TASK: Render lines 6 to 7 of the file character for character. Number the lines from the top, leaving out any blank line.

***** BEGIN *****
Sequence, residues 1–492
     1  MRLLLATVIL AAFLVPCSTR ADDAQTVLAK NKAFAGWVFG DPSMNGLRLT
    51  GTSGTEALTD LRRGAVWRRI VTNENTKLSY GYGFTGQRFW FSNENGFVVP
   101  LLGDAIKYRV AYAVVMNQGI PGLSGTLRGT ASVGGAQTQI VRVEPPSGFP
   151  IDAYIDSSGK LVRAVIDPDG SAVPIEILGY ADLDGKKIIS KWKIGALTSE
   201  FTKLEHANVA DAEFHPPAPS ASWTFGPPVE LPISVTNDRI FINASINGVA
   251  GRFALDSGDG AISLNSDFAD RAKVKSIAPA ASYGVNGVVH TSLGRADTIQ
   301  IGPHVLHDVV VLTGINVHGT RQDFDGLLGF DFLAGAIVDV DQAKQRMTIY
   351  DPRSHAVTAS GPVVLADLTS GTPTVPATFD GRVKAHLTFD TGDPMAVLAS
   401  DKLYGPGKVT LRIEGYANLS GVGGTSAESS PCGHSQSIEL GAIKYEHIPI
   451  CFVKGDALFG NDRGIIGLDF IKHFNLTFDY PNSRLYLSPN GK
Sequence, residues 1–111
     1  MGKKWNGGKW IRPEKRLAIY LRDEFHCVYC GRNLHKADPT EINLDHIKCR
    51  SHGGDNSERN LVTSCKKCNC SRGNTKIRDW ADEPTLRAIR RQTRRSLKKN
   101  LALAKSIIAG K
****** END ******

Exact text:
   201  FTKLEHANVA DAEFHPPAPS ASWTFGPPVE LPISVTNDRI FINASINGVA
   251  GRFALDSGDG AISLNSDFAD RAKVKSIAPA ASYGVNGVVH TSLGRADTIQ